For the past decade, the honey bee population has been in a rapid decline. I’m willing to assume that this information isn’t a surprise for many people. But, if it is a surprise for you, learn more in this article to find out why we need to be helping the bees right now. Raising awareness about this severe ecological disaster is the first step, and taking action is the next one. Honey Nut Cheerios is doing both.

Honey Nut Cheerios

Photo by Cassandra Bauer

About 70 out of the top 100 human food crops – which supply about 90% of the world’s nutrition – are pollinated by bees. This proves just how much we rely on them. In 2015, bees had only a 42 percent hive mortality rate. Clearly, they need our help.

“If we take bees out of our food system, so many of the foods that we rely on for nutrition will start to disappear out of our diet,” said Jessa Kay Cruz from The Xerces Society.  

Honey Nut Cheerios has made a commitment that by the end of 2020, oat farms that supply oats for Honey Nut Cheerios will host 3,300 total acres of dedicated pollinator habitats across 60,000 acres of land. In other words, this means that they will be providing the acreage of about 3,000 football fields full of essential food sources and homes for North American bees and other pollinators.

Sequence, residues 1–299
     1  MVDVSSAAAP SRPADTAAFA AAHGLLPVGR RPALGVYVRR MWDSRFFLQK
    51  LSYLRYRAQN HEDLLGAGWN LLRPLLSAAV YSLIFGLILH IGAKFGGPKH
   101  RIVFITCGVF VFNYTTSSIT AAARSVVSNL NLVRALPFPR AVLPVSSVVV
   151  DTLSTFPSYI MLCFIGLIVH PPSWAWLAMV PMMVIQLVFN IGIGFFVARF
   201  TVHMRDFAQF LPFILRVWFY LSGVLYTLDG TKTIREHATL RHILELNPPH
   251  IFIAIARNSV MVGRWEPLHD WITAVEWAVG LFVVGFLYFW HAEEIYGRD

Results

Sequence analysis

“Pollinator habitats are one of the most effective solutions in ensuring bees get the daily nutrition they need,” said Dr. Marla Spivak from the University of Minnesota Bee Lab and Farm.

Honey Nut Cheerios and General Mills have contributed to help research and restore pollinator-friendly habitats for bees and other pollinators. They’ve realized that #WeNeedTheBees and hopefully you’re starting to realize it too.

Honey Nut Cheerios

Photo by Linzie Gienau

Conservationists recommend that the best way to support bees is by planting wildflowers native to your own region. If you’re not sure what wildflowers are native to where you live, you can easily find out at The Xerces Society. Pollinators need plenty of nectar in order to stay healthy and happy, so the best thing you can do to help the cause is go out and start planting. The bees will thank you for it and so will future generations.